Mexico City was our first stop on a trip around the world. In all honesty, we only came to Mexico City to see the pyramids of Teotihuacan.
But with all the stress from packing our life in Calgary, we didn’t feel like moving very fast.
We spent 5 days in Mexico City. These are our impressions, tips for the city and what we’ve been up to.
What to expect and what to do in Mexico City
Arrival & public transport
As with every big city, navigating public transport after arrival is overwhelming. Thankfully Mexico City Metro makes it easier. There is a clearly marked way from the airport to the subway station. One ticket costs only 5 pesos (0,27 USD) and a map of all the lines is posted on every corner.
Although everyone we asked for directions was trying to be helpful, they don’t always know the right answer. Sometimes it’s better to ask at least two different people which might save you going back and forth on the stairs with heavy backpacks.
No matter the hour or day of the week, the subway is usually packed. That wasn’t a surprise – Mexico City has a population of 21 million people.
I was expecting from the concrete jungle to be unbelievably hot, like in New York City. But Mexico City lies at an altitude of 2,240 metres. It has a comfortable temperature of 25C during summer. And it rarely goes under 10C in winter.
Most of the days, we didn’t see the blue sky. Smog is a serious problem in Mexico City. They do whatever they can to fight it – building rooftop gardens, wall from special types of tiles that “eats” smog on the hospital, or vertical gardens along the highway.
Coming from Calgary, where you usually have fast foods and you need to drive there, Mexico City was a real treat for us. Food stalls and restaurants are everywhere. I mean everywhere.
In downtown, it’s hard walking on the path, when half of it is taken by food stall and another part by people eating the food. They usually offer tortillas, quesadillas, sandwiches, hamburgers, grilled corn or crepes. One lunch cost us around 40 pesos (2,20 USD).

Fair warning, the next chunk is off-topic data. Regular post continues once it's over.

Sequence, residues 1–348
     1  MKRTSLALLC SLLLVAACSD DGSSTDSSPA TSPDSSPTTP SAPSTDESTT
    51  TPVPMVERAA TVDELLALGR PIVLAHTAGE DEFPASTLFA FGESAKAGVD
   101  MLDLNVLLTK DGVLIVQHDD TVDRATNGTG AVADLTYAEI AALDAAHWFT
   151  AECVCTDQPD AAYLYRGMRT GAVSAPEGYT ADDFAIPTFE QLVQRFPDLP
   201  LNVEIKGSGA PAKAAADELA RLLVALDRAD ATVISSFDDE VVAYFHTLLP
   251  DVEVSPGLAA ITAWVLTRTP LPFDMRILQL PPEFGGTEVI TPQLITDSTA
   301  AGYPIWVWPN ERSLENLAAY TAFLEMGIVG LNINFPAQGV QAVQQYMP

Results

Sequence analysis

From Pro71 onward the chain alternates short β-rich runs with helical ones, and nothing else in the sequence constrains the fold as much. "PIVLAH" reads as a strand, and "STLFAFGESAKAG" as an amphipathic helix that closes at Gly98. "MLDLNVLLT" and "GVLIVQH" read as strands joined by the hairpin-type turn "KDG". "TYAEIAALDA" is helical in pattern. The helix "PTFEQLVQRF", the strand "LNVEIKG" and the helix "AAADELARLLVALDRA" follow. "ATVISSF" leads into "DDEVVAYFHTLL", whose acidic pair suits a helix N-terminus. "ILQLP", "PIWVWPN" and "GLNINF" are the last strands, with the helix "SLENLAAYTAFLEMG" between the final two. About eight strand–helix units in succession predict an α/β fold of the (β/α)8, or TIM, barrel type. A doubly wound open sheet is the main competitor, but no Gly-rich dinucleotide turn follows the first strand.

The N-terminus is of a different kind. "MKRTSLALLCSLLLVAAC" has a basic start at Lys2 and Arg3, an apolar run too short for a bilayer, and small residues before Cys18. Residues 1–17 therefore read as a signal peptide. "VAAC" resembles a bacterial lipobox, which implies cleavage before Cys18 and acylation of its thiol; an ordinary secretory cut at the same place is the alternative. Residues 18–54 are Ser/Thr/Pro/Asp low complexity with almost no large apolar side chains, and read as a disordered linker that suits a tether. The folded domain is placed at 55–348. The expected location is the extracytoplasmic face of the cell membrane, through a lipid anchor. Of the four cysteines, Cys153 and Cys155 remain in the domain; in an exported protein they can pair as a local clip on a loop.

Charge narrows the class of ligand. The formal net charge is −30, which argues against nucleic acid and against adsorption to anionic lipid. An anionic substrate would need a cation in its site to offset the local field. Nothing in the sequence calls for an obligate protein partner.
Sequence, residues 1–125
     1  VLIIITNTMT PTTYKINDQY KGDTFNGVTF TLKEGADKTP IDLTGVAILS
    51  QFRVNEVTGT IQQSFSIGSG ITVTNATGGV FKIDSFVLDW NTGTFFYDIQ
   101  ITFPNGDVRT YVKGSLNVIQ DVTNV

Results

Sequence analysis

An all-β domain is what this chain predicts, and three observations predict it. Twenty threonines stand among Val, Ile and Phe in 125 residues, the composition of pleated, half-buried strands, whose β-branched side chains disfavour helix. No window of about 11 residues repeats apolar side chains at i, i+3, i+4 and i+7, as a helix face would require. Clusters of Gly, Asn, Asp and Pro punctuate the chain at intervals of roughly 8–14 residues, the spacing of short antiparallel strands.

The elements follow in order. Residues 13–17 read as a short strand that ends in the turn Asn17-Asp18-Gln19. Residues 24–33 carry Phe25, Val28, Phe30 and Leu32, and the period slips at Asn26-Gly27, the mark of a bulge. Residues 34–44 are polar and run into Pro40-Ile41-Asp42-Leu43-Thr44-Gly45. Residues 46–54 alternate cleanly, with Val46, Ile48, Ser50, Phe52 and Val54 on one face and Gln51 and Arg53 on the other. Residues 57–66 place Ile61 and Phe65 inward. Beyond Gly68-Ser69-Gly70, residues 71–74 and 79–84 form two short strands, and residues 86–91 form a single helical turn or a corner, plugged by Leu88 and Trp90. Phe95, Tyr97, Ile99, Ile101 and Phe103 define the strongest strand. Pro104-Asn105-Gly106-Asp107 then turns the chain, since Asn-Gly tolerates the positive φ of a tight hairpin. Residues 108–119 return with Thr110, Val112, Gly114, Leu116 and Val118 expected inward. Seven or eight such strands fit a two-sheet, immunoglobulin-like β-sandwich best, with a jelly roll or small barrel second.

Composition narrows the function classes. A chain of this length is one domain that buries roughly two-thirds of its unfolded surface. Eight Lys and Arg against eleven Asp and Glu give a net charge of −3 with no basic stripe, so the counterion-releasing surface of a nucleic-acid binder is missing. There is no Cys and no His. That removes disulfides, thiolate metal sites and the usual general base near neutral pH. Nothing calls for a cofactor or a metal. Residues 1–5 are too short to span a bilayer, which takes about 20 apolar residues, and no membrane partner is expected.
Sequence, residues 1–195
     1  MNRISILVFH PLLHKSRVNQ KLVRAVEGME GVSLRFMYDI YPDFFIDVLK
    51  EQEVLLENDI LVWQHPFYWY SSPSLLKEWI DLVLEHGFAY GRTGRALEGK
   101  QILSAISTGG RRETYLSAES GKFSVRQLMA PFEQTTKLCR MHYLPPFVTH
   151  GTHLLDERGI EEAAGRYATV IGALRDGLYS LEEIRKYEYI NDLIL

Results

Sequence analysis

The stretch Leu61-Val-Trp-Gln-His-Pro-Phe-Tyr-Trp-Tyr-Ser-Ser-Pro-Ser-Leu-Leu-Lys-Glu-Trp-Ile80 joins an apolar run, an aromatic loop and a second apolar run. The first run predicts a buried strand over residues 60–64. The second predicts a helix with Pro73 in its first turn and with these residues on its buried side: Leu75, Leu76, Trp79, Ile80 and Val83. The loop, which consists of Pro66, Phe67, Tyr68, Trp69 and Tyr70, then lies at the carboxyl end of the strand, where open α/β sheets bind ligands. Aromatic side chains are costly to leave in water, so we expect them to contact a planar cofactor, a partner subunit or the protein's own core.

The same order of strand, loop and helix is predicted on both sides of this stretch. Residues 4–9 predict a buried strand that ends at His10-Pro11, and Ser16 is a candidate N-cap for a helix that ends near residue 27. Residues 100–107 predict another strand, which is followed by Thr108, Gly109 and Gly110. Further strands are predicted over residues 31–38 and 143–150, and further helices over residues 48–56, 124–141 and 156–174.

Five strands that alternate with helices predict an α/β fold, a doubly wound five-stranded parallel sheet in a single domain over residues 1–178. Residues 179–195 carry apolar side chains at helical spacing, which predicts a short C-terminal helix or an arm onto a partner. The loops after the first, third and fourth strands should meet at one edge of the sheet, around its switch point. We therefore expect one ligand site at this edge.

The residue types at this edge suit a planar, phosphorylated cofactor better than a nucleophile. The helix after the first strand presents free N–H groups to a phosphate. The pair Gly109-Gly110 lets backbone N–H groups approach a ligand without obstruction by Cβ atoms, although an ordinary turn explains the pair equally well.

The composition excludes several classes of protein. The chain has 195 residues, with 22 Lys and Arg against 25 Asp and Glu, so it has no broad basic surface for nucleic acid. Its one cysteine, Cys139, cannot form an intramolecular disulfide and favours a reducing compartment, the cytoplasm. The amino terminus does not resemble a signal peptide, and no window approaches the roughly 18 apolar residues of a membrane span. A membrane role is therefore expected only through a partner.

This was never an issue. The only reason I’m mentioning this is that people tend to ask how safe Mexico City is. From our experience, it’s very safe. We haven’t felt any type of danger or not so comfortable situation. Police officers are at every subway station. When walking in downtown, they were on every corner. I’m sure there are parts where is not advised to go, but those parts are in every city in the world.
The only funny, or a bit uncomfortable, the situation we experienced was staring. Doesn’t matter if we were in the subway or in downtown surrounded by other tourists. Maybe it was because we are way taller than Mexicans or have too bright/blonde hair. But it wasn’t something I worried about. I can’t even imagine how celebrities feel when random people are staring at them.
What to do in Mexico City
Biking/walking in Chapultepec forests
Also called Bosque de Chapultepec, it is the largest city park in Western Hemisphere.
Thanks to our couchsurfing host, we rented bikes for free with Bicigratis on El Angel de la Independencia. All you need is a passport and you’ll have a bike for 3 hours. After a short ride on a bike path, we were in the park. It was a nice change from the city hustle, to be in the park with only a few people.
Getting to the other part of the park isn’t easy. There is no straight pathway for bikes. The park is huge and there’s a lot to see – Chapultepec Castle, several lakes, zoo, Museum of Anthropology. All together we biked around 14km. It’s either a bike ride or a full day walking trip.
Free walking tour
Couchsurfing is not only a great place to find friends around the world but for events as well. That’s how I found out about a free walking tour. Students of history run daily tours at 11am and 3pm showing people the best of Mexico City and explaining the history of the city.
There are Aztec ruins right in downtown!
We were divided into Spanish and English group and walked around Cathedral at the main plaza – Zocalo, Palace de Bellas Artes, got a lot of recommendations for museums (with free options) and have a better understanding of history in Mexico City.
Did you know the city was built on an island of Lake Texcoco by Aztecs in the 14th century? It was later in the 16th century destroyed and rebuilt by Spaniards.
I highly recommend you check couchsurfing website for any tours in the city when you visit.
Biking on Paseo de la Reforma
Perfect trip for Sunday morning. It is the only day when the road from Chapultepec park to Palacio de Bellas Artes is closed for cars. It’s full of runners, cyclists and rollerbladers.
During the closure on Sunday, you can rent bikes at Bicigratis for 1,5 hours only. There are also paid options for renting bikes along the Paseo de la Reforma. One loop is 8km and takes around 35 minutes. At 2pm, traffic for cars opens again.
I was surprised how bike friendly Mexico City is. There are many bike lanes in downtown and drivers are respectful to cyclists.
Last but not least, our favourite just outside of Mexico City:
Pyramids in Teotihuacan
Definitely, the highlight of our stay in Mexico City was visiting pyramids in Teotihuacan. They are only 40 km out of the city. Don’t miss visiting this UNESCO World Heritage Site and the most beautiful pyramids we’ve seen so far.
And we’ve made it easier for you, read our tips in this post:
Would you like to visit Mexico City? Let us know if our tips helped you in any way.
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